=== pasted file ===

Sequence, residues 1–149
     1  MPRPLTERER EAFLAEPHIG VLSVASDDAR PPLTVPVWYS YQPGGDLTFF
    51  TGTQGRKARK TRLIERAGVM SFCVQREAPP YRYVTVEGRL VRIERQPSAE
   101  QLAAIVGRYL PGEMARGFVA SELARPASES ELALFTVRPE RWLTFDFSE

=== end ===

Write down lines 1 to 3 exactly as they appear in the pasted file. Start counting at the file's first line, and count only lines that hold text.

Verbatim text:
Sequence, residues 1–149
     1  MPRPLTERER EAFLAEPHIG VLSVASDDAR PPLTVPVWYS YQPGGDLTFF
    51  TGTQGRKARK TRLIERAGVM SFCVQREAPP YRYVTVEGRL VRIERQPSAE